If you have visited Gettysburg National Park, you've seen at least one of the 1,328 monuments, markers, and memorials that are on display across the historic battlefield. You may have even seen one of them any statues of generals mounted on horseback.
But have you heard the urban legend of the horse statue hoof symbolism?
What is the horse statue myth?
According to the urban legend, if the statue shows the horse posed with both front hooves up in the air, the rider died in battle. If the horse is posed with one front leg up, it means the rider was wounded in battle or died of battle wounds. And if all four hooves are on the ground, the rider died from causes outside of battle.
So is there any truth to the myth?
While there are plenty of statues that follow the “rule” of the hoof positions, particularly with statues commemorating Gettysburg soldiers, there are at least nine instances where the rule does not hold for Gettysburg statues.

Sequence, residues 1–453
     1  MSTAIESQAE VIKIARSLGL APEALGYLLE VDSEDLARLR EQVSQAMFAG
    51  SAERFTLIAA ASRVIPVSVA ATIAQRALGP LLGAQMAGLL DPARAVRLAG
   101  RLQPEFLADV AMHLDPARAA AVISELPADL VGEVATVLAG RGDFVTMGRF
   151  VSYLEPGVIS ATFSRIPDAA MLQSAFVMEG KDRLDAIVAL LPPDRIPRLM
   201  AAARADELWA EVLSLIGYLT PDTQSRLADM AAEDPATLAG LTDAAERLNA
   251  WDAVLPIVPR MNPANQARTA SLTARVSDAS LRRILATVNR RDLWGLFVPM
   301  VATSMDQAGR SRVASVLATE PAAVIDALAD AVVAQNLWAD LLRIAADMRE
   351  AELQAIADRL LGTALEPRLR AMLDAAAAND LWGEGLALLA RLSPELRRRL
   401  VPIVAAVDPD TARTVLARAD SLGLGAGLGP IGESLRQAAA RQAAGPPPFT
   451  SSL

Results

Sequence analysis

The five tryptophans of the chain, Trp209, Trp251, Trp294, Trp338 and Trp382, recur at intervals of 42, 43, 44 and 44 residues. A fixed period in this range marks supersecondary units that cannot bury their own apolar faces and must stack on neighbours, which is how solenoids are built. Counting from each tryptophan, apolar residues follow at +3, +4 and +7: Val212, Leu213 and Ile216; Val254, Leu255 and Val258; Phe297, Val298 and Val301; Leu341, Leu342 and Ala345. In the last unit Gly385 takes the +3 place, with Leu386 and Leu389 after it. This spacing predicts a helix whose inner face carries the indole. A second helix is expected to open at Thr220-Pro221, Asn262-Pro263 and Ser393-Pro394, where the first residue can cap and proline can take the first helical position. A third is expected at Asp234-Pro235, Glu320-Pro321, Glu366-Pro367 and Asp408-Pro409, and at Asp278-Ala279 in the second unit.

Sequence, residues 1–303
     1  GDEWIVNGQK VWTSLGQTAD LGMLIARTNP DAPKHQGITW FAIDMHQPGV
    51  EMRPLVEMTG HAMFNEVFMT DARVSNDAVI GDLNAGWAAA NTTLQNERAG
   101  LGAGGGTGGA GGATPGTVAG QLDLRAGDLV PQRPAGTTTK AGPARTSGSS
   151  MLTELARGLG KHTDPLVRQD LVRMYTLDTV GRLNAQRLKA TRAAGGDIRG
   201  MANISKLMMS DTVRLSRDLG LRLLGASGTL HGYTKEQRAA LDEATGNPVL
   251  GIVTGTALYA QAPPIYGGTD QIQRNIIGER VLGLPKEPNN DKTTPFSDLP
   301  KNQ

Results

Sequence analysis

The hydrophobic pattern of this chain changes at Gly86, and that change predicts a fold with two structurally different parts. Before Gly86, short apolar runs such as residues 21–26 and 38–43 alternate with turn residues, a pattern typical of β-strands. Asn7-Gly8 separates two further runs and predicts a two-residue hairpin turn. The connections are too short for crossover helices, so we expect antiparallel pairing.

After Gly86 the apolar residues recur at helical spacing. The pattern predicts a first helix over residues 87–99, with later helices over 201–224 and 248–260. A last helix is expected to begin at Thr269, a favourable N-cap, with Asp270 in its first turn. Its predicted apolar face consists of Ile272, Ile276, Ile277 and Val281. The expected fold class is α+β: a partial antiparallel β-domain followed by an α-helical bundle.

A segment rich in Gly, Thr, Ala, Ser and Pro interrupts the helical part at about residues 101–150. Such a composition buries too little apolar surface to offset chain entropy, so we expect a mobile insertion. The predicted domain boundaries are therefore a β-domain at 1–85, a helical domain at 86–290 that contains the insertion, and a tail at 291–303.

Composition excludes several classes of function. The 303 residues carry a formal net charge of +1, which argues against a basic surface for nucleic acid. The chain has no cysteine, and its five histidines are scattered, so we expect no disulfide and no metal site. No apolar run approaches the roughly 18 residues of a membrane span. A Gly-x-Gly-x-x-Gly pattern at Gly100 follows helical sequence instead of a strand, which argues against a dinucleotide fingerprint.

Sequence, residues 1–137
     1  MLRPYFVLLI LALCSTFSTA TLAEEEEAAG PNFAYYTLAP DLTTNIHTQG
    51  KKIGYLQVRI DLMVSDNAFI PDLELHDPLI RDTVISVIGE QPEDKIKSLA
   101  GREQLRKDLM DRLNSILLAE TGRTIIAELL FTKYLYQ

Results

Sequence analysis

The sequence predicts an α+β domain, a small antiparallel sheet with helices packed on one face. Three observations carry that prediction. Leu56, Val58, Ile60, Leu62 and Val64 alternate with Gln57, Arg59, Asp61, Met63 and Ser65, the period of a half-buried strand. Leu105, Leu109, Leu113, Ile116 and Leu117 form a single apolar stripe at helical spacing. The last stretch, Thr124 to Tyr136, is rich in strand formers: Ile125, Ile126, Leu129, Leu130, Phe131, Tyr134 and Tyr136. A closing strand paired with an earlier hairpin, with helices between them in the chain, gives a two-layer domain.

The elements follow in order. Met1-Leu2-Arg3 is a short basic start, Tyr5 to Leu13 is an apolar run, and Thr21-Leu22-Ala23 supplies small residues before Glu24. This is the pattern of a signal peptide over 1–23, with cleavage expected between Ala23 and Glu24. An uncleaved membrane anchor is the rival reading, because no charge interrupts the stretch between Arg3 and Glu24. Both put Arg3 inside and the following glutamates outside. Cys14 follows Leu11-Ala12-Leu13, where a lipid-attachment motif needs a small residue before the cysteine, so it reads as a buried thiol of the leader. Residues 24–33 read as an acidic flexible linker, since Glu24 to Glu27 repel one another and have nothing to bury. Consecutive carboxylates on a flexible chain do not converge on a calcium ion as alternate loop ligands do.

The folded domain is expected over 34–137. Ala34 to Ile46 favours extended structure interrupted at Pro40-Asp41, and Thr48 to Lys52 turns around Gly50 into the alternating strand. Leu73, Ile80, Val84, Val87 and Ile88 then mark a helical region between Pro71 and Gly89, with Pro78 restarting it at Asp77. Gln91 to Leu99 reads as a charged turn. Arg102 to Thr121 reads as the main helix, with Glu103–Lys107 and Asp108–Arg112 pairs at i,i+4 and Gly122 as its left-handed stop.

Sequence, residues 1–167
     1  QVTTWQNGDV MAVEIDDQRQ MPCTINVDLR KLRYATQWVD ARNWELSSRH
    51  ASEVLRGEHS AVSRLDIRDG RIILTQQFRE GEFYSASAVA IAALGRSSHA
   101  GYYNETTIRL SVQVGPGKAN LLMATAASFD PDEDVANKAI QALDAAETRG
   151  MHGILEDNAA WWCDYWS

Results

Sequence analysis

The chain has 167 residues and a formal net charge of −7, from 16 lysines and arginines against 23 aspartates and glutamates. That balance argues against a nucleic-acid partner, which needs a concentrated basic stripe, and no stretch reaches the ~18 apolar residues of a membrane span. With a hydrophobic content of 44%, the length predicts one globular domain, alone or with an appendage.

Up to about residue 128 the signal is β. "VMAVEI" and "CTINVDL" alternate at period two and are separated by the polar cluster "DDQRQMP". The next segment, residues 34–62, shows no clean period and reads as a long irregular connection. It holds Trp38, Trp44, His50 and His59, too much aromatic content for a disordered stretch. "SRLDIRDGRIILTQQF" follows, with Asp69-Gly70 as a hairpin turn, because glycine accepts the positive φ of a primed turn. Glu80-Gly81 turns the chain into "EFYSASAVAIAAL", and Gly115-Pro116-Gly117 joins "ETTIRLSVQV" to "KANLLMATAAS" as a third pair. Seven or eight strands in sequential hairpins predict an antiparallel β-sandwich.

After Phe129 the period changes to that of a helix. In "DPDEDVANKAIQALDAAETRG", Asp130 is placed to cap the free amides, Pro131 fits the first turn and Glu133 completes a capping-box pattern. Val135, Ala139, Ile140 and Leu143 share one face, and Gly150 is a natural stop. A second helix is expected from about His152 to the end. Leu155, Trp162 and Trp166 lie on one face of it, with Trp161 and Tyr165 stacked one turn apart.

Subsequently, most historians do not believe the myth.
“To the best of anyone’s knowledge, the position and pose of the statue do not signify anything,” said Frances Pollard, a curator at the Virginia Historical Society.
Regardless of whether or not the hooves of their battle horses symbolize anything, Gettysburg National Battlefield Park is still one of the most popular stops for student groups touring the Historic East Coast. Student groups typically spend a whole morning or afternoon exploring the museum, viewing the Cyclorama painting, and touring the battlefield.
Originally published May, 2019, updated July, 2020